It was the quarter of EIP-1559: the Ethereum upgrade that gave deflationary powers to the protocol, responsible for obliterating $1.6B in ETH and making the remaining supply proportionally more valuable.
It was NFT summer, with the most popular NFTs making record-breaking sales, making it to the hands of celebrities and mainstream media headlines, and starting to flirt with DeFi.
And it was the time for scalability to take center stage: Layer 1 and Layer 2 solutions started gaining momentum. Solana, Avalanche, Optimism, or Arbitrum began to deliver their promise of relieving Ethereum from some of its burden (some say speeding it up, others say competing or even killing it).
Q3 ended up with crypto losing some traction due to off-chain news. But on-chain, things have remained jolly. Bitcoin, NFTs, DeFi, Ethereum, and its contenders, seem unstoppable and headed for a very positive Q4.
2. Regulation | USA gives crypto a break
On September 29th, Gary Gensler reiterated his preference for a future-based ETF. The SEC has been adamant about approving a Bitcoin ETF (unlike his neighbor, the Canadians), but Gensler thinks an ETF containing options makes more sense. That's cool
Just one day later, the SEC delayed at least two months its commitment to respond to the ETF approval requests from the different institutions who have brought forth their proposals. ETFs could open the floodgates of mainstream institutional investment to crypto. That's not so good.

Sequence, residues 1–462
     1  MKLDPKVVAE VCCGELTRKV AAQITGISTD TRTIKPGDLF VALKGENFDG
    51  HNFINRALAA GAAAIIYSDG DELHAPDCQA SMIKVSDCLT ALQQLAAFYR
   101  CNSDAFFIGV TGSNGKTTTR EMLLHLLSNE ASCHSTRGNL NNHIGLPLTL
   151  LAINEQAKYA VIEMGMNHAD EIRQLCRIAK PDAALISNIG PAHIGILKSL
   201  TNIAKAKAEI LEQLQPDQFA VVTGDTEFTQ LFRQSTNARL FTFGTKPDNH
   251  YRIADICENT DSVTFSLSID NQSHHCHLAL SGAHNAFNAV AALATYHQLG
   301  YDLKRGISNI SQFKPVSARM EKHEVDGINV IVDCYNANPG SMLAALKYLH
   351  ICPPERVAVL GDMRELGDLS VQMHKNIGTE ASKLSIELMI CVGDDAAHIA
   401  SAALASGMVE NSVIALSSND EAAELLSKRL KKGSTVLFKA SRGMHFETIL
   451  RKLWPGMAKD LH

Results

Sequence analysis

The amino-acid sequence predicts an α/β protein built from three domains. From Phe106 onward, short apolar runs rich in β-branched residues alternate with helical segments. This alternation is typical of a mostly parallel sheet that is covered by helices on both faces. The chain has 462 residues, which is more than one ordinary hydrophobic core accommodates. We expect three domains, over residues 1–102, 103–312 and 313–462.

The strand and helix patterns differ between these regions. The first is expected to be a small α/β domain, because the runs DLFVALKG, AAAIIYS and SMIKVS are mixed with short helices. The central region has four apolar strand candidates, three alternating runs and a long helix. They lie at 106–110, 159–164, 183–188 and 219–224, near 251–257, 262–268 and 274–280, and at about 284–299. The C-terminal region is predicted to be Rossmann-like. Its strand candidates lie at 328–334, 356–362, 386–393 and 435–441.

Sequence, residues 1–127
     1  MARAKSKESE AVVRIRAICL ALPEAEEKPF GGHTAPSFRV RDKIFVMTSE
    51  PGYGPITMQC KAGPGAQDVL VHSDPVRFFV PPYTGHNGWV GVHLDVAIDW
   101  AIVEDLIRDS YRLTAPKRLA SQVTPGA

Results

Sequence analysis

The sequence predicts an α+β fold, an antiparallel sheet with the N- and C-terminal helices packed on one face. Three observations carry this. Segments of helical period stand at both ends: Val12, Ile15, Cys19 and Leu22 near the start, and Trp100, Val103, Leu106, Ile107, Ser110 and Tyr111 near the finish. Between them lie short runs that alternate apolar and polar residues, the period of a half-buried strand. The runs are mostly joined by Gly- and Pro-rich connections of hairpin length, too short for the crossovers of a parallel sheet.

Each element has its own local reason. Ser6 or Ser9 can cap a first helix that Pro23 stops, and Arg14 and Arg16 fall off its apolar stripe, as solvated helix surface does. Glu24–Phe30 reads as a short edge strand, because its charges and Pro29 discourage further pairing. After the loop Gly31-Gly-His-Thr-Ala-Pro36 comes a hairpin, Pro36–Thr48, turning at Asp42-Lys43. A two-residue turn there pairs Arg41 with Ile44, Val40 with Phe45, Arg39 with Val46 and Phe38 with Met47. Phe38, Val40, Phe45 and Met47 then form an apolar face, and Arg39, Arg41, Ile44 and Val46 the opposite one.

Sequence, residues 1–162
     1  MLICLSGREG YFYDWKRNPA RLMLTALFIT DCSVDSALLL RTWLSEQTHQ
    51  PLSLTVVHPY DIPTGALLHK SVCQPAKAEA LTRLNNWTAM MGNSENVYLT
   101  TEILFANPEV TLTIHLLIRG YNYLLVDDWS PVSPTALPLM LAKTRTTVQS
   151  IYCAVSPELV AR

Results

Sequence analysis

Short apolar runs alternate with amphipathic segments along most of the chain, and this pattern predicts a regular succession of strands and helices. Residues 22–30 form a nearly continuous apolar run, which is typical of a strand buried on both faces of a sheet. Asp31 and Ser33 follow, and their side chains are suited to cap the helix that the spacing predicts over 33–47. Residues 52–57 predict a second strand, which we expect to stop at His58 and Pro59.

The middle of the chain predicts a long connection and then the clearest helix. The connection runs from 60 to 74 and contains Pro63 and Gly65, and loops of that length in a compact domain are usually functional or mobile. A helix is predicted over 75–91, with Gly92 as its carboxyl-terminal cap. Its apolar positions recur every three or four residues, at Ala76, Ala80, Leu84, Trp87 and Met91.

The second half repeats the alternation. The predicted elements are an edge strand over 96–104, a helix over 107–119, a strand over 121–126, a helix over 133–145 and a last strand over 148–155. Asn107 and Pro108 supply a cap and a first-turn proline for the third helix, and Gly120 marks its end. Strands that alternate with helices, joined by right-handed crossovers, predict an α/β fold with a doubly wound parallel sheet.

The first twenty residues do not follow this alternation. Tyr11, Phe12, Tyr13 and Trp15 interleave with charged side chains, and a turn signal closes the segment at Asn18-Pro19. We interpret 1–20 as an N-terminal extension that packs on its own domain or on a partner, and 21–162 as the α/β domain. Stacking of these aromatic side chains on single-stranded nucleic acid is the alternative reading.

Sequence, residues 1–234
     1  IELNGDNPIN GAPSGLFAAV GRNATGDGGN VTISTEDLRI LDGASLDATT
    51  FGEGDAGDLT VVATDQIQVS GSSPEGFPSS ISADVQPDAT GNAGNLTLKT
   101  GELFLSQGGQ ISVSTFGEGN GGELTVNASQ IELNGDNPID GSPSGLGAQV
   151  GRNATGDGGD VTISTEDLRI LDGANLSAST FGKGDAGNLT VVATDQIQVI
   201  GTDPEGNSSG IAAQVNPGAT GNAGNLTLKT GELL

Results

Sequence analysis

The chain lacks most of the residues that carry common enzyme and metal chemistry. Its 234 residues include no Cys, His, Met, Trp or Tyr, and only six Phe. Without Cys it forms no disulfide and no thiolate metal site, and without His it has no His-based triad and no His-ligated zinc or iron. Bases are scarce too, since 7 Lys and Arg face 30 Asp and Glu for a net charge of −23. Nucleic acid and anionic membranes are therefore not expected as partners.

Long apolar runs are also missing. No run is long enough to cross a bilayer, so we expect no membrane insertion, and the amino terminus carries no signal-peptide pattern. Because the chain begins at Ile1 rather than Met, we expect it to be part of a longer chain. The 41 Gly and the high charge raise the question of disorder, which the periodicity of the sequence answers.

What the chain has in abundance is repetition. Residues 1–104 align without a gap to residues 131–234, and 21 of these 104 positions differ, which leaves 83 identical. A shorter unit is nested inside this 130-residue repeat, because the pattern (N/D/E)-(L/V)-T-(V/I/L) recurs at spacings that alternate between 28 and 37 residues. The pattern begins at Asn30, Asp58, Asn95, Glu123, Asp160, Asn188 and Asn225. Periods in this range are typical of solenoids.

Also, in late September, Federal Reserve Chairman Jerome Powell said the Fed had no intention to ban stablecoins, although he did call for some regulation. But that's ok.
Nevertheless, a few days later, we learned that the SEC issued a subpoena to USDC stablecoin backer Circle. Just like they did with Coinbase and Uniswap, the SEC is taking on the big fish in their attempt to get a grasp of how to regulate stablecoins and at the same time deliver a message to the whole industry. That is not nice.
But then, last Tuesday, when asked directly whether he would suggest the USA follow China’s path of banning crypto from favoring a government-issued digital currency (CBDC or Central Bank Digital Currency), Gensler answered he didn’t. That's good, Gary, thanks.
3. TradFi | VISA launches interoperability solution
VISA had already proved that they don't want to be left out of crypto. First, anecdotally, with the purchase of a punk for $150k that was bought “before anything, to learn”.
Now they have jumped to the headlines with a projected Layer 2 solution, for the moment built on top of Ethereum, that expects to become a global, multichain payment hub.
The concept, called "Universal Payments Channel" (UPC), outlines how various blockchain networks can be interconnected to allow the transfer of CBDCs. It shows how Visa can help exchange various CBDCs built on different blockchains in the future.
This way, VISA shows itself as a savvy participant in crypto (they even have launched their first smart contract) while taking positions to become a trusted infrastructure partner whenever Central Bank Digital Currencies decide to show up.
Welcome, VISA. Crypto is inherently meritocratic, so here they don’t enjoy the same privileged position they enjoy inside TradFi, but any initiative helping gain mainstream adoption is welcome.
4. TradFi | Banks increasing exposition
Banks are being extremely nice and productive about crypto recently, and in an interesting variety of ways.